hazard analysis in finance, promotion analysis in marketing, and effectiveness analysis in production
planning. Less traditional, yet interesting applications
described in the literature are urban and regional
planning supported by spatial databases, index selection in relational databases, and ETL maintenance in
data warehousing systems.
Either spreadsheets or OLAP tools are often used to
support what-if analysis. Spreadsheets offer an interactive and flexible environment for specifying scenarios,
but lack seamless integration with the bulk of historical
data. Conversely, OLAP tools lack the analytical capabilities of spreadsheets and are not optimized for
scenario evaluation [6]. Recently, what-if analysis has
been gaining wide attention from vendors of business
intelligence tools. For instance, both SAP SEM (Strategic Enterprise Management) and SAS Forecast Server
already enable users to make assumptions on the enterprise state or future behavior, as well as to analyze
the effects of such assumptions by relying on a wide set
of forecasting models. Also Microsoft Analysis Services
provides some limited support for what-if analysis.
This is now encouraging companies to integrate and
finalize their business intelligence platforms by developing what-if applications for building reliable business predictions.
Future Directions
Surprisingly, though a few commercial tools are
already capable of performing forecasting and what-if
analysis, and some papers describe relevant applications
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What-If Analysis
in different fields, very few attempts have been made so
far to address methodological and modeling issues in
this field (e.g., [9]). On the other hand, facing a what-if
project without the support of a design methodology is
very time-consuming, and does not adequately protect
the designer and his customers against the risk of failure.
The main problem related to the design of what-if applications is to find an adequate formalism to conceptually
express the simulation model, so that it can be discussed
and agreed upon with the users. Unfortunately, no suggestion to this end is given in the literature, and commercial tools do not offer any general modeling support.
Another relevant problem is to establish a general framework for estimating the loss of precision that is introduced when modeling low-level phenomena with
higher-level dependencies. This could allow designers
to assess the reliability of the prediction as a function
of the quality of the historical data sources and of the
precision of the simulation model.
Decision makers are used to navigating multidimensional data within OLAP sessions, that consist in
the sequential application of simple and intuitive
OLAP operators, each transforming a cube into another one. Consequently, it is natural for them to ask for
extending this paradigm for accessing information also
to what-if analysis. This would allow users to mix
together navigation of historical data and simulation
of future data into a single session of analysis. In
the same direction, an approach has recently been
proposed for integrating OLAP with data mining
[11]. This raises an interesting research issue. In fact,
OLAP should be extended with a set of new, wellformed operators specifically devised for what-if analysis. An example of such operator could be apportion,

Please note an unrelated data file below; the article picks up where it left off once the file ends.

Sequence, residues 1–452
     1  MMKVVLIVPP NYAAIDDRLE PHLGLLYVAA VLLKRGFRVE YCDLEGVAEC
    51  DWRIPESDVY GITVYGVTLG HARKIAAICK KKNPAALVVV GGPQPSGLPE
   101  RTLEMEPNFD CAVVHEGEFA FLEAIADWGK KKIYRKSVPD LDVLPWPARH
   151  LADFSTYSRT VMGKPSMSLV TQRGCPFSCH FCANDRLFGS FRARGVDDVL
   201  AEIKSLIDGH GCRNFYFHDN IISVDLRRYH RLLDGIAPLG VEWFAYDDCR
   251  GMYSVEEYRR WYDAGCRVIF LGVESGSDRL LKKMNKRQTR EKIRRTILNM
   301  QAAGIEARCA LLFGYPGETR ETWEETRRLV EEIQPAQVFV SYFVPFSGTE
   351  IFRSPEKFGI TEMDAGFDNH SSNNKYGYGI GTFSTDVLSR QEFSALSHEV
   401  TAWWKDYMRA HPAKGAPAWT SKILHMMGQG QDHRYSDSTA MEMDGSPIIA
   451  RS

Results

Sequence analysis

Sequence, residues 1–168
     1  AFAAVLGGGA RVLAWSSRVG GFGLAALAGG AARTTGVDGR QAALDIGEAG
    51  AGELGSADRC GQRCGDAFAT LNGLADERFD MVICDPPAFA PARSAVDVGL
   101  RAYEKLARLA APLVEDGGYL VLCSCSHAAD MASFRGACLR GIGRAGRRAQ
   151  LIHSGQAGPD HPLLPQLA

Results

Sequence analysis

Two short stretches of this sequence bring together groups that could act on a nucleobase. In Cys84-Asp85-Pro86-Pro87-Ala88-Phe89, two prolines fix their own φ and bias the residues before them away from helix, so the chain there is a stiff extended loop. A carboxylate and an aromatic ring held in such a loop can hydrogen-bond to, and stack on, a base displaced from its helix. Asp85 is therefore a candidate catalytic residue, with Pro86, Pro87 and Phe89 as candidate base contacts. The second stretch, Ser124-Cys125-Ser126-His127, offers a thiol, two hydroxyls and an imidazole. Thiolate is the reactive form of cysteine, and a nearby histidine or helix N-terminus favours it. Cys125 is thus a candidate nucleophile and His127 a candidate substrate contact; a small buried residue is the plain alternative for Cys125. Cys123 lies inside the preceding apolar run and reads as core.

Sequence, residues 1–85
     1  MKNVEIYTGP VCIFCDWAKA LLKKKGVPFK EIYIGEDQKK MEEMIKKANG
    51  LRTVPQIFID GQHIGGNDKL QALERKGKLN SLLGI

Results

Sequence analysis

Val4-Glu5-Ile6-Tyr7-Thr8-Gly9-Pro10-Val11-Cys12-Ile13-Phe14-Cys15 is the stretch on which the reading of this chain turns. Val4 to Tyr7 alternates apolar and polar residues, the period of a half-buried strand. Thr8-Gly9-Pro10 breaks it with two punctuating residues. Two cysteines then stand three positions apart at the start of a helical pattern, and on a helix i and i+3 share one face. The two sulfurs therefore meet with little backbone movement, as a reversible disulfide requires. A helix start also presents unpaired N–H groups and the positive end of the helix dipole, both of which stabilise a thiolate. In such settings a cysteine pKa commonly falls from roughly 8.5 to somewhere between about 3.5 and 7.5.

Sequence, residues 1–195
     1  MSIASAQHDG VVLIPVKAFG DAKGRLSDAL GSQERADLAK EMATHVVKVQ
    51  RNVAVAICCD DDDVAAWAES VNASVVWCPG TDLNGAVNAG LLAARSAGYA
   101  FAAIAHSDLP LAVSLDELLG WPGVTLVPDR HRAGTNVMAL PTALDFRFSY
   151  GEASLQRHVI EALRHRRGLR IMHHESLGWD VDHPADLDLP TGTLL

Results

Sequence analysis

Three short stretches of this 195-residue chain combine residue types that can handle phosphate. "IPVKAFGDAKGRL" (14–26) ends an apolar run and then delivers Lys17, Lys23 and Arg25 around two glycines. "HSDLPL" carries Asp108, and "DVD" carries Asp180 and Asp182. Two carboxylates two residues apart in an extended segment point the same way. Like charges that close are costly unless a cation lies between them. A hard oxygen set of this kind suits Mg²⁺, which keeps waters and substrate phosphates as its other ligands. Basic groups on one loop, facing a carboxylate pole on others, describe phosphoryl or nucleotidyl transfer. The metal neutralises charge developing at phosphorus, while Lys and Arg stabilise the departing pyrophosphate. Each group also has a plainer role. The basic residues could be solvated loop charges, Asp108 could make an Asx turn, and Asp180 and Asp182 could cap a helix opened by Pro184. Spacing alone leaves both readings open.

which disaggregates a quantitative information down a
hierarchy according to some given criterion (driver);
for instance, a transportation cost forecasted by branch
and month could be apportioned by product type
proportionally to the quantity shipped for each product type. In addition, efficient techniques for supporting the execution of such operators should be
▶ Business Intelligence, ▶ Data Warehousing Systems:
Foundations and Architectures, ▶ Data Warehouse
Applications, ▶ ‘‘Extraction, Transformation and
Loading,’’ ▶ On-Line Analytical Processing, ▶ Cube
Recommended Reading
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710–723, 1991.
2. Kreutzer W. System Simulation – Programming Styles and Languages. Addison Wesley, Reading, MA, 1986.
3. Law A.M. and Kelton W.D. Simulation Modeling and Analysis.
McGraw-Hill Higher Education, Boston, MA, 1999.
4. Armstrong S. and Brodie R. Forecasting for marketing.
In G. Hooley and M. Hussey (eds.). Quantitative methods in
marketing. International Thompson Business Press, London,
1999, pp. 92–119.
5. Koutsoukis N.S., Mitra G., and Lucas C. Adapting on-line
analytical processing for decision modeling: the interaction of
information and decision technologies. Decis. Support Syst.,
26(1):1–30, 1999.
6. Balmin A., Papadimitriou T., and Papakonstantinou Y. Hypothetical Queries in an OLAP Environment. In Proceedigs of the
VLDB Conference. Cairo, Egypt, 2000, pp. 220–231.
7. Coyle R.G. System Dynamics Modeling: A Practical Approach.
Chapman and Hall, London, 1996.
8. Roberts E.B. Managerial applications of system dynamics. Pegasus Communications, 1999.
9. Golfarelli M., Rizzi S., and Proli A. Designing what-if analysis:
towards a methodology. In Proceedings of the DOLAP. Arlington, VA, 2006, pp. 51–58.
10. Lee C., Huang H.C., Liu B., and Xu Z. Development of timed
colour petri net simulation models for air cargo terminal operations. Comput. Ind. Eng., 51(1):102–110, 2006.
11. Chen B., Chen L., Lin Y., and Ramakrishnan, R. Prediction
cubes. In Proceedings of the VLDB Conference. Trondheim,
Norway, 2005, pp. 982–993.